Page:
There are also cases where other compelling humanitarian and compassionate considerations exist (other than risk to one’s life) which could be raised in support of one’s application to remain in Canada.  These include factors such as strong establishment in Canada, best interests of children affected and other types of undue, undeserved and disproportionate hardship that would result from a refusal.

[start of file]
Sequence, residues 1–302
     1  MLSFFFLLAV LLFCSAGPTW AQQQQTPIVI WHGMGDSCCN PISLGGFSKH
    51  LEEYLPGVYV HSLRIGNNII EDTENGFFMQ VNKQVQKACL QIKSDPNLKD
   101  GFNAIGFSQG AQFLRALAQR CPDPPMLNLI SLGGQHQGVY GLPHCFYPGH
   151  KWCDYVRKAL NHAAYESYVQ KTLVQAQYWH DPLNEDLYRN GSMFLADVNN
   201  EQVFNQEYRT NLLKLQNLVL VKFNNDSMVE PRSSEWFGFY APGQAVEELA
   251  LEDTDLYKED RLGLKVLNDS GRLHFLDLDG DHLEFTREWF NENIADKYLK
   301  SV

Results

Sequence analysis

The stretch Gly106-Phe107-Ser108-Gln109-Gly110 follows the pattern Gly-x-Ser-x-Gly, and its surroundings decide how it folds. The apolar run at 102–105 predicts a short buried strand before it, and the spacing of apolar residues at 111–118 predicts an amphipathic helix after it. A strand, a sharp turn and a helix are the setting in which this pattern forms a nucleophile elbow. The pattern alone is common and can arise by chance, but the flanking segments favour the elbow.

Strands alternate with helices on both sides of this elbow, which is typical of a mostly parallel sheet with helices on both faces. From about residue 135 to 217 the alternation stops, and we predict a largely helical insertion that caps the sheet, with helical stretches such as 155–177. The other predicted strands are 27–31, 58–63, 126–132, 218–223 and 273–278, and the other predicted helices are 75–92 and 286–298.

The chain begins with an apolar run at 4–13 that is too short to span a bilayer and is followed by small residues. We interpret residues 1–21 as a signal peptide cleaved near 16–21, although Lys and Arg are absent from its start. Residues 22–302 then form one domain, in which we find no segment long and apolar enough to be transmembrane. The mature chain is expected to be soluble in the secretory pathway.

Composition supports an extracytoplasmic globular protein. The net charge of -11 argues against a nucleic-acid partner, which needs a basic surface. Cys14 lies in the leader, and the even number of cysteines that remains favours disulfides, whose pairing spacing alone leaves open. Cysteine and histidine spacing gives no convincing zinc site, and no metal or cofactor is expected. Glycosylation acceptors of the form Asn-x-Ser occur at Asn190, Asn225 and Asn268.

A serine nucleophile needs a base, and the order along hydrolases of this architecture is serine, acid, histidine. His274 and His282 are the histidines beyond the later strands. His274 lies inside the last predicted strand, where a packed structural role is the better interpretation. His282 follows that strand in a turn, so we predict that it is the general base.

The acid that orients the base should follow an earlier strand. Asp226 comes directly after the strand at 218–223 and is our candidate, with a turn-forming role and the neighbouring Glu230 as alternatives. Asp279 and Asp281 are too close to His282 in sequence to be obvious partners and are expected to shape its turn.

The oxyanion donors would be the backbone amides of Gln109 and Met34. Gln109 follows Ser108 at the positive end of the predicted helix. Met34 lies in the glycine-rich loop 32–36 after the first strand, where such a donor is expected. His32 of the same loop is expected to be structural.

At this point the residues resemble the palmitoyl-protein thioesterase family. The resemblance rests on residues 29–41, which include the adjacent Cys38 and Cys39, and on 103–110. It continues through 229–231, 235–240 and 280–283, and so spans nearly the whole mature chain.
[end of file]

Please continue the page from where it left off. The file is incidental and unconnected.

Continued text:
It used to be that a marriage or common-law relationship with a Canadian or permanent resident can almost guarantee a stay of removal and eventual grant of permanent residence to a foreign spouse who may have already lost status.  However,  the proliferation of bad faith marriages or so-called marriages of convenience have put even genuine relationships at a great disadvantage by also being refused in some cases.  Recently, the IRPA regulation defining “bad faith marriages” was amended to include non-genuine relationships or those which were primarily entered into for immigration purposes.  The old regulation was less strict in that the marriage would have to be both non-genuine and entered into primarily for immigration purposes to be considered a bad faith marriage.  Now, even if the marriage is genuine, but if it was perceived by an immigration officer to have been entered into primarily for immigration purposes, the sponsorship application can be refused and the removal against the out-of-status spouse may proceed.